Greggs (GRG.L) stock headed 4.3% higher in early trade on Tuesday as investors digested news that it expects to exceed its previous full-year expectations.
The news comes despite pressures on staffing and supply chains. The high street staple said it had "confidence" moving into autumn.
The FTSE 250 company said availability of labour and supply of ingredients had caused issues, alongside price increases. "We expect costs to increase towards the end of 2021 and into 2022," it said.
Two-year like-for-like Q3 sales were up 3.5%.
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The update also contained further details on its bullish expansion plans, with the "potential" for at least 3,000 UK shops and a net shop growth per year of 150 from 2022.
"The shape of the new shop pipeline reflects opportunities that have been successful for us in recent years as we reposition the estate towards on-the-go locations," it said.
"The overall UK food-to-go market remains depressed by around 15% to 20% as the UK's new found appetite for working at home keeps commuter volumes in check," said Ross Hindle, analyst at Third Bridge.
"Greggs has been able to punch above its weight in this climate because of its low pricing, wide-appeal marketing, and shops outside city centres."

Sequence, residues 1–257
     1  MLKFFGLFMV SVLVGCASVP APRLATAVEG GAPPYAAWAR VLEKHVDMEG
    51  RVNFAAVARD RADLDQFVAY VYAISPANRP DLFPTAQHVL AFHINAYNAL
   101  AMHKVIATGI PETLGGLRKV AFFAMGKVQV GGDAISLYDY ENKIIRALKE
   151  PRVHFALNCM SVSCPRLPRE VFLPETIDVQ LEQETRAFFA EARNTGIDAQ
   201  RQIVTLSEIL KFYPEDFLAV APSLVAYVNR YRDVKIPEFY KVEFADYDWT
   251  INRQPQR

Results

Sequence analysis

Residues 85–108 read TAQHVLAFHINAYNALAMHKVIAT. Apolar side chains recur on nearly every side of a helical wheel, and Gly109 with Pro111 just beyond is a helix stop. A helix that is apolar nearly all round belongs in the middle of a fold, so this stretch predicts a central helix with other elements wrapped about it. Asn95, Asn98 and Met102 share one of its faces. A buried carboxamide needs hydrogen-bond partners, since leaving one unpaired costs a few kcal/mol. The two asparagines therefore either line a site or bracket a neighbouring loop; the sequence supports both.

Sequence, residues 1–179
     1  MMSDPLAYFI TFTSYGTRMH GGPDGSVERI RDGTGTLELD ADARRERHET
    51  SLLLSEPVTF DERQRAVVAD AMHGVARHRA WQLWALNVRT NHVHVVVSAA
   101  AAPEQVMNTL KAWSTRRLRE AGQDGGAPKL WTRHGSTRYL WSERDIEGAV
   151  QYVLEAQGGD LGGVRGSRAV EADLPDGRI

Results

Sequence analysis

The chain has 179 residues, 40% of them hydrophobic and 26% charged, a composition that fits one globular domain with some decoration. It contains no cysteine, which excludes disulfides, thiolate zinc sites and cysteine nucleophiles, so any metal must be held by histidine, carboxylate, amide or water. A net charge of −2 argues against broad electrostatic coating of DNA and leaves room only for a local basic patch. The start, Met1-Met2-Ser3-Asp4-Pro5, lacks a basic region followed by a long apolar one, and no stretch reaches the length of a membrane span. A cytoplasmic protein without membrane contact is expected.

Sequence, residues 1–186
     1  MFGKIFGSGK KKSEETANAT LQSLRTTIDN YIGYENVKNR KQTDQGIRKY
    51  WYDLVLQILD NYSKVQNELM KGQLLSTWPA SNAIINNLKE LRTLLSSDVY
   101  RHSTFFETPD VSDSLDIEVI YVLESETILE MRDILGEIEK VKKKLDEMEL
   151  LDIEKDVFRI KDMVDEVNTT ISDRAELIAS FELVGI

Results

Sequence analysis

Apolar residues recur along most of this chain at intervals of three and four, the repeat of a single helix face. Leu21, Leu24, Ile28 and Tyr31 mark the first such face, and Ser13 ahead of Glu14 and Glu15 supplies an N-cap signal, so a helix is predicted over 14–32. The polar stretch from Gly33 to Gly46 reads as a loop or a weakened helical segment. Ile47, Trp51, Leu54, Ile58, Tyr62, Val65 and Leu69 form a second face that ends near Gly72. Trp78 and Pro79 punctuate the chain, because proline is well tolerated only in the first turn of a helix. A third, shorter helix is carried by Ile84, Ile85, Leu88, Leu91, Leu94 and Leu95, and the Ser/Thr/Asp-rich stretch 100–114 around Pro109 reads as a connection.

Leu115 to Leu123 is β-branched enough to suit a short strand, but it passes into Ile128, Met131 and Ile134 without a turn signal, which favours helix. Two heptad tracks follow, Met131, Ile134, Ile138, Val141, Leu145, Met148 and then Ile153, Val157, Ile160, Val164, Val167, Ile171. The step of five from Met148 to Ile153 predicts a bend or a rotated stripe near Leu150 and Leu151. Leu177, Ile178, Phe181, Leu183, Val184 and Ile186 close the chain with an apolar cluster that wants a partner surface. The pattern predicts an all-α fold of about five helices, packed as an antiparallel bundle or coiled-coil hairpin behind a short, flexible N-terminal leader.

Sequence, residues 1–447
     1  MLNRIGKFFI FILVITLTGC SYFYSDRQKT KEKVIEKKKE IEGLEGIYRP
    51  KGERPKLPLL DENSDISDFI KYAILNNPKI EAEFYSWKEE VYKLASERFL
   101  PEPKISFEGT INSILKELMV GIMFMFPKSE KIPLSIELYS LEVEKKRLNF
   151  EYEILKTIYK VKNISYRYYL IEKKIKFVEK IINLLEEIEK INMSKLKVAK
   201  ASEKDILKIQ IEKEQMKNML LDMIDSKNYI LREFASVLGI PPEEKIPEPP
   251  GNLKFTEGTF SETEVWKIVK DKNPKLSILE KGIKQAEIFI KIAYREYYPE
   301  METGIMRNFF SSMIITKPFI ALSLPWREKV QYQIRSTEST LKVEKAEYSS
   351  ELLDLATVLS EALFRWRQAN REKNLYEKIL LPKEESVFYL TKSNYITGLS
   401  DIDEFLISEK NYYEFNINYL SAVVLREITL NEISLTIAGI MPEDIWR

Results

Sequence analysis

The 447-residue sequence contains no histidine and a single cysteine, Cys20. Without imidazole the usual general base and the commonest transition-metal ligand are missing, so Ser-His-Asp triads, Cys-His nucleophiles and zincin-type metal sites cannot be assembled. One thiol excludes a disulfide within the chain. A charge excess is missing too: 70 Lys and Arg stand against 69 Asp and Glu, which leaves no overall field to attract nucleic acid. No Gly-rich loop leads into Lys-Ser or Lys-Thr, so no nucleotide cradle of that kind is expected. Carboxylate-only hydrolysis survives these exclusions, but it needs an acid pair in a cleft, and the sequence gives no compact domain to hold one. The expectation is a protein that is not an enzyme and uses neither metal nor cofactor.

Following the update, Shore Capital changed its previous SELL recommendation to UNDER REVIEW.
Greggs isn't the only chain to feel the pinch of supply chain issues, which are being felt across the sector. The Road Haulage Association (RHA) reported earlier this year that there is a shortage of 100,000 drivers and warned the situation has reached a “crisis point” with critical supply chains failing.
It said that many drivers have gone back to their home countries either due to uncertainty over new Brexit rules, or because of the UK’s COVID-related lockdown restrictions. Many have not returned.
On top of this, HGV (heavy goods vehicle) drivers are made up of an ageing population that is retiring; and there is a major backlog of tests needed to be taken before drivers can qualify to operate lorries, because the tests were put on hold during the pandemic.
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